Cartridge ESD discharge during drive loading in a storage system
Original Publication Date: 2001-Aug-29
Included in the Prior Art Database: 2003-Jun-20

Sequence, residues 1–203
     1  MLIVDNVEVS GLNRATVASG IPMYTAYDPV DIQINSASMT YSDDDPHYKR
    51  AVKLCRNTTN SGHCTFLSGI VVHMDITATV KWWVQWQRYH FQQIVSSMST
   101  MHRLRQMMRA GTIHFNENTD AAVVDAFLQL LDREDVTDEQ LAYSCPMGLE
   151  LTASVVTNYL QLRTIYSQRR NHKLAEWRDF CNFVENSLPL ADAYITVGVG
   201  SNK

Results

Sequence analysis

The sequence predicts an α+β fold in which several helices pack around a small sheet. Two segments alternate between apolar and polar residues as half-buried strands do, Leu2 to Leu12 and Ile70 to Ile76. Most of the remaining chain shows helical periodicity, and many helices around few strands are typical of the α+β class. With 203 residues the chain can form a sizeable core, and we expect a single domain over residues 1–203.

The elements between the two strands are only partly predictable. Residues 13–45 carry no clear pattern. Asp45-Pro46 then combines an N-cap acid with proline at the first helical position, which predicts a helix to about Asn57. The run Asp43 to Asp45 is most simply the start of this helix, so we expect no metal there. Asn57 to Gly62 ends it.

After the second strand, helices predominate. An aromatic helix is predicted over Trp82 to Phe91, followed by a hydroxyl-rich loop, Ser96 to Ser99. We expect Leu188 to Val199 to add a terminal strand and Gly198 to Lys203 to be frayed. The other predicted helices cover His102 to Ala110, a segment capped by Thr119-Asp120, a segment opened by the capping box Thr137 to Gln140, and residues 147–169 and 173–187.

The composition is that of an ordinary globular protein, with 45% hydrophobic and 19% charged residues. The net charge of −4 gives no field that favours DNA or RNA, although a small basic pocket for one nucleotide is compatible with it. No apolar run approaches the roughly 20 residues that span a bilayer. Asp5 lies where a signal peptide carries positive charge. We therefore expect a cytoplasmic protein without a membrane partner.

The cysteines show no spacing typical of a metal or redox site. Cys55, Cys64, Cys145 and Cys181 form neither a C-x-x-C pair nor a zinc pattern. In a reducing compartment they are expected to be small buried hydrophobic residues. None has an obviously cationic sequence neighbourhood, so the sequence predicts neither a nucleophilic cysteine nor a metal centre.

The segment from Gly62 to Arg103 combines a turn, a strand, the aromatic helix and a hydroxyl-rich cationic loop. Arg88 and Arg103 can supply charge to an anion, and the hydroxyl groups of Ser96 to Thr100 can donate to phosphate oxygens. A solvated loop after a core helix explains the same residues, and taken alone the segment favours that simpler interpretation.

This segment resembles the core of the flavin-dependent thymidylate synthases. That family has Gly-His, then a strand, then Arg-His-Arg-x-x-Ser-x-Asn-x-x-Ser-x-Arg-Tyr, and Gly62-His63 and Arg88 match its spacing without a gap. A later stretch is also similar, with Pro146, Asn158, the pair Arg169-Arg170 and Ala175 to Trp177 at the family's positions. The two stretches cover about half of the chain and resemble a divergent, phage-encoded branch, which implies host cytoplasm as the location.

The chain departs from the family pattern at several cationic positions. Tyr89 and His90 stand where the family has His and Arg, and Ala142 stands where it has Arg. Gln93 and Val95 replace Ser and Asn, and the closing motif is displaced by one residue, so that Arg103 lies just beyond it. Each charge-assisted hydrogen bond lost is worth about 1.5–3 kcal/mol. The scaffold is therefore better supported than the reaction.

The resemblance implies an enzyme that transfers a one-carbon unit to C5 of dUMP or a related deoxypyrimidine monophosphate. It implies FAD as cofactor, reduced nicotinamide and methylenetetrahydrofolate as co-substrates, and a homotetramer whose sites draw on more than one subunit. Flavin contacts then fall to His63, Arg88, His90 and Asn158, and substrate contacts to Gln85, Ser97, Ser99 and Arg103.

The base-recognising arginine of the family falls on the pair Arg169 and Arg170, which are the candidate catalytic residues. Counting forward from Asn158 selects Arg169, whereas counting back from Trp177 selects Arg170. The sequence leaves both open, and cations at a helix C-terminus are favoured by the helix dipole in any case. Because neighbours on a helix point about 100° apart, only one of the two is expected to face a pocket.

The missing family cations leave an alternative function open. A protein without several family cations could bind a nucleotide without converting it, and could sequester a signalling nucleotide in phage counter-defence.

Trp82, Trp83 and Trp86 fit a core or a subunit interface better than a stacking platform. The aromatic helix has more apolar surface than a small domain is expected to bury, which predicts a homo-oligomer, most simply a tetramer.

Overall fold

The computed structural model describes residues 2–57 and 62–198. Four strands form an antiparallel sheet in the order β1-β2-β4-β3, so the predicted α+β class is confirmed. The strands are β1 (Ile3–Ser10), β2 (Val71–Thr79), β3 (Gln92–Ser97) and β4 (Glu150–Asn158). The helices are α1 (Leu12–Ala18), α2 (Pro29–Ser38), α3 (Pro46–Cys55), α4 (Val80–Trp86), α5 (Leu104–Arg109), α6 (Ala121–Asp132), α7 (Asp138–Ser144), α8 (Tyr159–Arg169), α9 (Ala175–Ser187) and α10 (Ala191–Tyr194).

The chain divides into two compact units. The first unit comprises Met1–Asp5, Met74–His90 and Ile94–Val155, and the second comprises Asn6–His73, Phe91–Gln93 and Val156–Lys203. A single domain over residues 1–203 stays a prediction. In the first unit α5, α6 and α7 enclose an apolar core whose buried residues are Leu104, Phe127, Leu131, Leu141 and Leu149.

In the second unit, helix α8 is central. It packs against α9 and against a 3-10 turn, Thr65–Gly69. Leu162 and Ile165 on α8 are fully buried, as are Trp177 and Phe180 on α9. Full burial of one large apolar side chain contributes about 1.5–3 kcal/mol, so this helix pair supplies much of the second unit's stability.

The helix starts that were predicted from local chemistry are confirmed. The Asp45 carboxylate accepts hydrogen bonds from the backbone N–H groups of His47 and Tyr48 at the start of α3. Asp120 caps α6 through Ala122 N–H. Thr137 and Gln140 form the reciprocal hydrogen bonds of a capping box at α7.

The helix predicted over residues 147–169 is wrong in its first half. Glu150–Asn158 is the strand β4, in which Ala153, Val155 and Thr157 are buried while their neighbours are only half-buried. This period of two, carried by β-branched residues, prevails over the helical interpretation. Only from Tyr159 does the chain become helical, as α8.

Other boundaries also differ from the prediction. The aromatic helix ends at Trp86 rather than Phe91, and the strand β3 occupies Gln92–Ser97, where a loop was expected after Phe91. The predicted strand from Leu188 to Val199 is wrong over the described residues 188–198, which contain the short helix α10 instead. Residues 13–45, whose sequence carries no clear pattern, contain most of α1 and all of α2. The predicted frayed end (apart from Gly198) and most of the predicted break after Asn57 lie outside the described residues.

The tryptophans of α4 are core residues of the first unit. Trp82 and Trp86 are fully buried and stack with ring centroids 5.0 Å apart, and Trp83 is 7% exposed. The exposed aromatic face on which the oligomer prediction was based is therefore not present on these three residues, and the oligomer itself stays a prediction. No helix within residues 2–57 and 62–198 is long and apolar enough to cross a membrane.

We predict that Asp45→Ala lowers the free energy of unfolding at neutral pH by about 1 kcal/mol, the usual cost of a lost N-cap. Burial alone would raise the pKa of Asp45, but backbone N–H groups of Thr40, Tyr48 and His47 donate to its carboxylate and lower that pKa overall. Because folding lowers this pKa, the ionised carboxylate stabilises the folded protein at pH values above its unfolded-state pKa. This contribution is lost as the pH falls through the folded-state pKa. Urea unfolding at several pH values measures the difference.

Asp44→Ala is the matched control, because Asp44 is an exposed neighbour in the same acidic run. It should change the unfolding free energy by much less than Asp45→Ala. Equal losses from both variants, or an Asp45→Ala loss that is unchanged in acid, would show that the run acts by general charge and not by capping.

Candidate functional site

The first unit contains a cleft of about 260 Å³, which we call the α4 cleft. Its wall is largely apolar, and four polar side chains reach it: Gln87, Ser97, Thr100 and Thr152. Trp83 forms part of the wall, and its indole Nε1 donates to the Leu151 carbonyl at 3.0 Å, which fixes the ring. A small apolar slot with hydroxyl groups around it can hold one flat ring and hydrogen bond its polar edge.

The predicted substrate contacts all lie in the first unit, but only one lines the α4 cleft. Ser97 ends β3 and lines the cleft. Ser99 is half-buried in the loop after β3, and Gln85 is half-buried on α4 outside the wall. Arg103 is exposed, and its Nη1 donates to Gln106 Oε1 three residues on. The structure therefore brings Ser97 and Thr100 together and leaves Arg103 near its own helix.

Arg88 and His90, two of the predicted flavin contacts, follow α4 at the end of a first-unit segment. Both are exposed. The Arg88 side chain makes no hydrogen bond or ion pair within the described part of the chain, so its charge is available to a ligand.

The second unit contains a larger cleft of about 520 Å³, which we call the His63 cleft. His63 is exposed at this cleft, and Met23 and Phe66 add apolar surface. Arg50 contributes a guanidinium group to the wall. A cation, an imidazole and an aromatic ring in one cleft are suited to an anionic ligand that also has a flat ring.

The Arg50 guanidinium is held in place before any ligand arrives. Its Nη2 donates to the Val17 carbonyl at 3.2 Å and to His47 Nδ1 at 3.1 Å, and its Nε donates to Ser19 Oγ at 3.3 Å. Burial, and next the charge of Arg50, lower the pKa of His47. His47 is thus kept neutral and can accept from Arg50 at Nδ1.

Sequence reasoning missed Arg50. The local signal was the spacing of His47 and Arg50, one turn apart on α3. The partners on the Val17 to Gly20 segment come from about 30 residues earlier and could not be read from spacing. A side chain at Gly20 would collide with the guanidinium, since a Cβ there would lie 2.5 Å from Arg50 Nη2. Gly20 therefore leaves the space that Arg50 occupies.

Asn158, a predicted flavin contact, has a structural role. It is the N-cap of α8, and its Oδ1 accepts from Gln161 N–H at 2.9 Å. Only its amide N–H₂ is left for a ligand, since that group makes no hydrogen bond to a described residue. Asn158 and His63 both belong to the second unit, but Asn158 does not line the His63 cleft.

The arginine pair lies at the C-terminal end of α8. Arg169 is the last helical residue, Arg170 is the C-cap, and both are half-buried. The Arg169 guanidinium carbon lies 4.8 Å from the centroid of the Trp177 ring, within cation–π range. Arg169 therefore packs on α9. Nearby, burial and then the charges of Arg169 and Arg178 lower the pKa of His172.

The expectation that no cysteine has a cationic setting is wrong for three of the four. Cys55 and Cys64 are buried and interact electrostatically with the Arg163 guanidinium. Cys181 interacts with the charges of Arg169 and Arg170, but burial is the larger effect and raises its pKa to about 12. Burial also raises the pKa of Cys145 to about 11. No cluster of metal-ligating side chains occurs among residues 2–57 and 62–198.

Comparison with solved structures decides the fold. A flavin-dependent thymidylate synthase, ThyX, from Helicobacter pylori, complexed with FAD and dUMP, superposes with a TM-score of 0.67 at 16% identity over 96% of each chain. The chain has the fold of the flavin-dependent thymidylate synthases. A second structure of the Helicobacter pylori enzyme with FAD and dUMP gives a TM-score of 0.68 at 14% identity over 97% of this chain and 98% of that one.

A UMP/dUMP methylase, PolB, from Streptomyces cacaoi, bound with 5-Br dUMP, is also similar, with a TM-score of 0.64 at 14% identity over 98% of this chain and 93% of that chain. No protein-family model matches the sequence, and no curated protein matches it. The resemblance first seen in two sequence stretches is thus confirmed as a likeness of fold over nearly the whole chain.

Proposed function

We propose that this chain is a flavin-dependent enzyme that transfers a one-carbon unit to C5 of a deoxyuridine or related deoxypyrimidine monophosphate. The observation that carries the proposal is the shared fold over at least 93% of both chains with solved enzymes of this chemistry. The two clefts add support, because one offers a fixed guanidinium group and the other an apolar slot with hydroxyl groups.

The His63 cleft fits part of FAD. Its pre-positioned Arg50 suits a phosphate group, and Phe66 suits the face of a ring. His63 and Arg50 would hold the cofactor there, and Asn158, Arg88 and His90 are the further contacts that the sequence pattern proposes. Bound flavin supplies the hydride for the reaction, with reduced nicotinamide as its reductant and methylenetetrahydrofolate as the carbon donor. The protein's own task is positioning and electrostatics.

In a storage library system a cartridge can build up a charge of 8 to 12 KV while being unloaded from a storage bin, or when an operator moves a cartridge across a non anti-static room from a shelf to a drive for manual loading. Although the picker and/or the drive can be grounded, the build up charge cannot be bled to ground fast enough without affecting the electronic circuitry of other units in the system. Signal voltage spikes of up to 7 Volts on the ground system have been seen when the a charged cartridge contacts the drive loader tray whether manually or via the picker. These type of spikes although narrow can still affect other units in the system while writing or reading. The read/write circuitry, and channel circuitry can be affected and can cause non recoverable errors, which in turn can bring the system to a halt, and a reboot or IML of the entire system becomes necessary, this then becomes very annoying to users. The solution consist of mounting conductive roller/s directly grounded to the picker, and system frame, a picker could have 2 grippers, in this case 2 rollers are required one for the top and one for the bottom. In case of manual system mount the conductive roller on the drive opening of the loader tray directly grounded to the system frame via a braided wire for a faster bleeding response, see figure 1 and 2. When the cartridge is loaded into the drive, the roller will discharge the charged cartridge initially directly to system ground before it is loaded on the tray loader mechanism of the drive, and continue to dissipate the remaining charge if any during the cartridge insertion motion into the drive loader tray, thus avoiding any system noise due to ESD. The conductive roller design demonstrated less ware than a conductive brush, and no potential of debris contamination from the brushes. Adding a lightly loaded spring to the roller will make the design more effective, because it will ensure continuous cartridge contact during the cartridge insertion motion into the drive, since all optical and tape cartridges have non continuous smooth surfaces. The roller could also be used in a DASD RAID system environment, so that when an operator in a non antistatic room is required to swap drives, the other drives in the system are protected from ESD discharge that can interrupt and/or hang the system.